Beneath the veneer of festival-hopping, food truck culture and the dearly departed features from NME, the post-punk presence is still a surly mess of wool knit caps and beards accompanied by Bach-level fascination with strings. Strange Culprits take on the sometimes esoteric boundaries of the scene following punk in the self-titled release, proving a natural gravitation towards Americana of all sorts. With canned vocals, chunky instrumentation and lo-fi production when necessary, Strange Culprits embodies a scene that hasn’t found a way to alienate itself or its listeners.
Holding on to a thoroughly classic Bay Area sound works well for Strange Culprits, granting some recognition to an otherwise familiar sound and friendly-looking group of youngish people. Although a track such as “Moonlight” may be more indicative of folks drifting towards honky tonks, it’s still a fuzzy enough sound to land the squad astride Frank Black and the like. The majority of the record plays out similarly to this format; a comfortably paralyzed vernacular in which an outgoing band continues to rave on with material consisting of 90s nostalgia. The latter may sound like a slam in any other context, but in the case of Strange Culprits its an immediate draw, making parallels between bretheren of the Gulf War era rock and a more naturalized sound of the now.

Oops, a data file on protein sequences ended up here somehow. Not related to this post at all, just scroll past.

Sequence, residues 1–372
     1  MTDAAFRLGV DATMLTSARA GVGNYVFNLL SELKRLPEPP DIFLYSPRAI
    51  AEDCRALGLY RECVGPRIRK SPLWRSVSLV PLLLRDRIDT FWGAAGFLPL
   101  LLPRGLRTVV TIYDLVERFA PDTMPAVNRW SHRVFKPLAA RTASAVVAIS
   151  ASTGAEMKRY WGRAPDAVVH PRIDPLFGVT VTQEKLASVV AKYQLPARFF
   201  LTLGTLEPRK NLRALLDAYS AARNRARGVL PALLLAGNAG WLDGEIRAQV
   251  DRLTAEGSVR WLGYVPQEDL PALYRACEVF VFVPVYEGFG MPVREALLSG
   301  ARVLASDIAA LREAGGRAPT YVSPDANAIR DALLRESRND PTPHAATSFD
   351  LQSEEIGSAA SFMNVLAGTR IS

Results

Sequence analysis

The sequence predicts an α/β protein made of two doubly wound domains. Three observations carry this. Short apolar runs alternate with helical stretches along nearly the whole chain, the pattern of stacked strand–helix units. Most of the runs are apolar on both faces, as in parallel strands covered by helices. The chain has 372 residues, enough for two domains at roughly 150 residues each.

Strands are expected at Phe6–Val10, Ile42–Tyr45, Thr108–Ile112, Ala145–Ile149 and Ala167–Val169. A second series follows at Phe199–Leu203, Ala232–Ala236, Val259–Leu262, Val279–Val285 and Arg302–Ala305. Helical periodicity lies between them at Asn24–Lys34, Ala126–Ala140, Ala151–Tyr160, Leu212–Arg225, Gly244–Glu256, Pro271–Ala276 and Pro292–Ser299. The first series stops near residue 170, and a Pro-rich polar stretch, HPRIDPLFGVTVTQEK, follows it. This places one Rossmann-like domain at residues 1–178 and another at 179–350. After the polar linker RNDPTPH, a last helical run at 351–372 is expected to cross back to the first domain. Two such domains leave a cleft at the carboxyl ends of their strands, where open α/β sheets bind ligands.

To be “post-punk” in an era where the decade is narrowly set to end in “-20” comes off as oxymoronic. However, the materials in which the genre of post-punk experiences on a regular basis creates an almost more confusing divide – post-punk and alt-post-punk. The latest album Strange Culprits falls into the alternative camp with their record, experimenting with electronic music and non-traditional, ballad-like instrumentation rather than strictly following a series of effects pedals. The band wide-ranging in style as has the genre followed suit in this sense. Strange Culprits is an excellent example in the representation of the shift of focus within such a sece.